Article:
HomeGadgets & TechAsus ROG Swift OLED PG42UQ Review - It's Big, It's Heavy, And...

    Asus ROG Swift OLED PG42UQ Review – It’s Big, It’s Heavy, And It’s Great

    When I agreed to do this review and substituted my 55″ TV with the 42″ ROG Swift OLED PG42UQ monitor for my PS5, the experience should feel like a downgrade by right. But instead, the monitor ended up being an overkill. And now, after being pampered by the monitor for a whole 2 weeks I found myself in a difficult position and reluctant to revert back to my TV using days.

    Let’s talk about the monitor. At 42″, the ROG Swift OLED PG42UQ (hereafter known as the PG42UQ) is a huge monitor that as I’ve said, can easily substitute a Tv. For a monitor of this size, users would have to mind their sitting distance from the display unit to get the best viewing experience hence why I used it for my PS5 instead of my PC. This is not to say the monitor isn’t great for PC because it is, but I’ve just been playing more on my console lately and thought I’d give it a go in this direction.

    Price-wise, this sweety will set you back by RM 7,988. That’s 3 times more expensive than the PS5 that I’m testing this monitor with, but it will soon be obvious why this monitor costs this much.

    Box, design & build

    The packaging itself has a dimension of 1070 x 870 x 188mm. That’s 1m x 0.87m in length and width alone, mind you. To carry this monitor, you have to be physically ready to carry a weight of 20kg.

    Once installed with its stand and all, the monitor weighs almost 15kg at 14.77kg, which is kinda heavy. So again, make sure that you are physically ready before you attempt to carry/lift this monitor around. Because if this monitor falls on your foot, the hefty price tag you just paid for this monitor may just pale in comparison to your foot’s medical bill.

    But the good thing is, despite its somewhat slim panels and huge screen, carrying the monitor around didn’t feel unsafe. The structure at the bottom of the monitor provided a solid spot for whenever I needed to lift the monitor around, and the stand is sturdy as long as it’s properly installed – providing a confident base to support the monitor. The only complaint I have about its overall design and stand is there’s no height and swivel adjustment.

    Other than the stand, the PG42UQ also comes with its own remote control, a HDMI Ultra High-Speed Cable, a Display Port Cable, a USB 3.0 cable, a cute ROG pouch, and of course its own Power Cord cable. At the back of the monitor, we have 1x DisplayPort 1.4 DSC, 2x HDMI 2.0, 2x HDMI 2.1, an earphone jack, 4x USB 3.2 Gen 2 Type-A ports, 1x USB 3.0 for Signal port, and a SPDIF Out.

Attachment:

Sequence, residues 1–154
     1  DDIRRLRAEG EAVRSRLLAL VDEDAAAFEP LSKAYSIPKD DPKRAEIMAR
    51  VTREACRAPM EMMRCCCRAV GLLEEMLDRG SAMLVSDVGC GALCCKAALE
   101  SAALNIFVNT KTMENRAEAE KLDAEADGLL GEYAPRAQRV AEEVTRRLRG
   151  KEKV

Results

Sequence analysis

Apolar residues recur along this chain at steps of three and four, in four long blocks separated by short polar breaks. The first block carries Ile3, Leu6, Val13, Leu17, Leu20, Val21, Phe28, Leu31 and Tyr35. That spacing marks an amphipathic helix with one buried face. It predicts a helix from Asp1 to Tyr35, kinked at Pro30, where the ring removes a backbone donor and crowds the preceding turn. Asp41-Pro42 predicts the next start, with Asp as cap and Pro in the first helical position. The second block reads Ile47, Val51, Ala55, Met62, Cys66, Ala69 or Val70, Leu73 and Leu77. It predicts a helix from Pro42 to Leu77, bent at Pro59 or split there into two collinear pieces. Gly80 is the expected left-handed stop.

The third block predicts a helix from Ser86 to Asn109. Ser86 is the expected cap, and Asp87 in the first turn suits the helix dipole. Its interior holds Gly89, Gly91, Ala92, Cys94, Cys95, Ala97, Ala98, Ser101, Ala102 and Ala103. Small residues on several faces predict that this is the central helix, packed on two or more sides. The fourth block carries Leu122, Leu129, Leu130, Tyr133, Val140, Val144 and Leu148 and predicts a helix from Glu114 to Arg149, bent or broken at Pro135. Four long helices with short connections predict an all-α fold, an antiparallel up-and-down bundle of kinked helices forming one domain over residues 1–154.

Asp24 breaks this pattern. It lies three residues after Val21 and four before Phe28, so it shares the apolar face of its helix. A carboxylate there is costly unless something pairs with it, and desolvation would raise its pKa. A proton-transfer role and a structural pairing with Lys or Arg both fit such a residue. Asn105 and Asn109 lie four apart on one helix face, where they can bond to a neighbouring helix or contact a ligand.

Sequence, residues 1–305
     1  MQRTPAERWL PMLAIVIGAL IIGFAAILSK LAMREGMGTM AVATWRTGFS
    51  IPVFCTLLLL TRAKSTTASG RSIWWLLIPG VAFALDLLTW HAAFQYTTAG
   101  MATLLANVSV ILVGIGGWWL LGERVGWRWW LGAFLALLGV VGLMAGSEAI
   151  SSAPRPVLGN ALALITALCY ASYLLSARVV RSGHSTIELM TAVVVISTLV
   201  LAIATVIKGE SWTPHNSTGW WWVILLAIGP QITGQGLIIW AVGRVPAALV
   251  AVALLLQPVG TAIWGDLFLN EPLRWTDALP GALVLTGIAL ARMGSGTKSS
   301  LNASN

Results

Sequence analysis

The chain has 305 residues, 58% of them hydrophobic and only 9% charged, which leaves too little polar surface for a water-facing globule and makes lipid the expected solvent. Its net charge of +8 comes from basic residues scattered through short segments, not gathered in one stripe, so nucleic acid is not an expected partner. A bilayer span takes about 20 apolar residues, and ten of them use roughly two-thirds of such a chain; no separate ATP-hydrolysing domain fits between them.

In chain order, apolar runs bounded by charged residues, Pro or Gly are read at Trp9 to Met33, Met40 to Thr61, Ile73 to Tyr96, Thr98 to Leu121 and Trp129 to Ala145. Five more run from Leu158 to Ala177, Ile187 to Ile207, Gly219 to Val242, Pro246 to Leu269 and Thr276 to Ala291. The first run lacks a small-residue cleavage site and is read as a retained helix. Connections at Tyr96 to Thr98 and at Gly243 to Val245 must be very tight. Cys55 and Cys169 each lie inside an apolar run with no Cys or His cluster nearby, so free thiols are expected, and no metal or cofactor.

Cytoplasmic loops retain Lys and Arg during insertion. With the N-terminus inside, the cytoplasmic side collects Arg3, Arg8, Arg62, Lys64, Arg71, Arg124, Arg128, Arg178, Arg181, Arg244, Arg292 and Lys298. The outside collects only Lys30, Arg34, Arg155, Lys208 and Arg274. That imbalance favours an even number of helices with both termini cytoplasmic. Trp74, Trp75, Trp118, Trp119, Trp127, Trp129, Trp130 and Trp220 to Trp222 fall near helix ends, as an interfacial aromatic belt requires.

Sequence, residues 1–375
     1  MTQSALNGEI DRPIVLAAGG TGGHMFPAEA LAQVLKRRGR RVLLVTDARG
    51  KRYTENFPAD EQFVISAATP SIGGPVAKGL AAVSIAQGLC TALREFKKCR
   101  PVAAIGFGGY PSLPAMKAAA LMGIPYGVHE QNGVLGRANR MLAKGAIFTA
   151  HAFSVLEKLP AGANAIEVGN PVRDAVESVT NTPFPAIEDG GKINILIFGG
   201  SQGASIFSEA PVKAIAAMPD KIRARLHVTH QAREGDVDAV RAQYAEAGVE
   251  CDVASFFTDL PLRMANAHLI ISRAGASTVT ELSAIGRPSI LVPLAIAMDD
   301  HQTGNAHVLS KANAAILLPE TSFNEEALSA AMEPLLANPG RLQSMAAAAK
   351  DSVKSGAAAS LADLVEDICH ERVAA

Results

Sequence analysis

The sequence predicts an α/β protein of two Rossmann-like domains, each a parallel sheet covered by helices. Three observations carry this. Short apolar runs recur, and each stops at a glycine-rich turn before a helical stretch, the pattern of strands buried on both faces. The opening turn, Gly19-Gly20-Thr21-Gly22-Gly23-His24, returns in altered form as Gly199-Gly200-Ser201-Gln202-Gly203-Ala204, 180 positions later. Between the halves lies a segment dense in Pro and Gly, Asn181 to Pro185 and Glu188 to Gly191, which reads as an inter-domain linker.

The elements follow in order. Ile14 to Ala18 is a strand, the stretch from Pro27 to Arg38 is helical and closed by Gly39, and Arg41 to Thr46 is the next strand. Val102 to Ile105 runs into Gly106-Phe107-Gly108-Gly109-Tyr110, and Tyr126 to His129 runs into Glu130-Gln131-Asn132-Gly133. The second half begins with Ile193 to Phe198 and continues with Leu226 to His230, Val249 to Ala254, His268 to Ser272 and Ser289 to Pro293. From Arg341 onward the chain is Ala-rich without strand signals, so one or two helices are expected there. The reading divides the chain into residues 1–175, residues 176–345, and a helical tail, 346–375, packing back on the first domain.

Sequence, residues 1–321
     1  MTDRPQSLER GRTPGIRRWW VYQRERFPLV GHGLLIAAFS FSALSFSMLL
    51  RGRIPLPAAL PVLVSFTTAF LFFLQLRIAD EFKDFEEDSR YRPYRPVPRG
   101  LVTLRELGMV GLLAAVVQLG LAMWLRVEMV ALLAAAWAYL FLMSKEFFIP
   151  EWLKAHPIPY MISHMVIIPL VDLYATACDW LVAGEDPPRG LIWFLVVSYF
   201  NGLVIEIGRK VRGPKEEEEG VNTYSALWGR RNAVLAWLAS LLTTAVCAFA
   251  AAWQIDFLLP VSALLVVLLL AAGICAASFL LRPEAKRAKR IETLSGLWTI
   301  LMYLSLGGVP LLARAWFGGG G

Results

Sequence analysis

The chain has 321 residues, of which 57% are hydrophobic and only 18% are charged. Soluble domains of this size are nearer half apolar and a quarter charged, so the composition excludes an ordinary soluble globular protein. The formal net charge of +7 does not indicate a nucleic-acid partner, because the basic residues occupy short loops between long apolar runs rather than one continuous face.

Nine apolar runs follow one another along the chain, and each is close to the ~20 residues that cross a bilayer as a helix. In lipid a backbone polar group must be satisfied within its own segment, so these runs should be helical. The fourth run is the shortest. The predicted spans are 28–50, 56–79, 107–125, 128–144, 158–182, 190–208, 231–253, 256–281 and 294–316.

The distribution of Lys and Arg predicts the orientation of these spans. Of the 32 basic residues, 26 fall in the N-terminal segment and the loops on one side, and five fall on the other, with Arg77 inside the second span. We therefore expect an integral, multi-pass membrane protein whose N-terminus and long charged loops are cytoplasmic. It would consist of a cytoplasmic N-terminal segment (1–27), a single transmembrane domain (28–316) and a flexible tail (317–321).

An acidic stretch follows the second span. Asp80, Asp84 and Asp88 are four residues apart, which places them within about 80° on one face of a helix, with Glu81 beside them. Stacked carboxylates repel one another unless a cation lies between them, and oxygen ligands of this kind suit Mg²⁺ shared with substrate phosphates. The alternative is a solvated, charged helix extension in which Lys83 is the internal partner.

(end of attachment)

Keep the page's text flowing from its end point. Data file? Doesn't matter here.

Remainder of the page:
Specification sheet for the spec lords

    Display Information

    Panel Size (inch) : 41.5
    Aspect Ratio : 16:9
    Color Space (DCI-P3) : 98%
    Color Space (sRGB) : 133%
    Panel Type : OLED
    True Resolution : 3840×2160
    Display Viewing Area (HxV) : 919.68 x 517.32 mm
    Display Surface : Non-Glare
    Pixel Pitch : 0.2395mm
    Brightness (Typ.) : 450 nits
    Contrast Ratio (Typ.) : 135,000:1
    Contrast Ratio (HDR, Max) : 1,500,000:1
    Viewing Angle (CR≧10) : 178°/ 178°
    Response Time : 0.1ms(GTG)
    Display Colors : 1073.7M (10 bit)
    Flicker free : Yes
    HDR (High Dynamic Range) Support : HDR10
    Refresh Rate (max) : 138Hz

    Video Feature and Technology

    Trace Free Technology : Yes
    Color Accuracy : ?E< 2
    GamePlus : Yes
    Low Blue Light : Yes (Hardware Solution)
    HDCP Support : Yes, 2.3
    Game Visual : Yes
    VRR Technology : Yes (Adaptive-Sync)
    HDR Mode : Yes
    Shadow Boost : Yes
    PIP (PbP) Technology : Yes

    In/Out Ports

    DisplayPort 1.4 DSC x 1
    HDMI (v2.0) x 2
    HDMI (v2.1) x 2
    Earphone jack : Yes
    USB Hub : 4x USB 3.2 Gen 2 Type-A
    USB 3.0 (Signal) x 1
    SPDIF out (Optical Digital Audio Out): Yes

    Audio Features &
    Digital Signal Frequency

    DP: 30~311KHz(H) / 48-138 Hz(V)
    HDMI 2.1 : 30~311KHz(H) / 48-138 Hz(V)
    HDMI 2.0 : 30~135KHz(H) / 48-60 Hz(V)

    Power Consumption

    Power Consumption : <220W
    Power Saving Mode : <0.5W
    Power Off Mode : <0.3W
    Voltage : 100-240V, 50/60Hz

    Mechanical Design

    1/4″ Tripod Socket : Yes
    Tilt : Yes (+5° ~ -5°)
    Height Adjustment : No
    VESA Wall Mounting : 300x300mm
    Kensington Lock : Yes

    Dimensions and Weight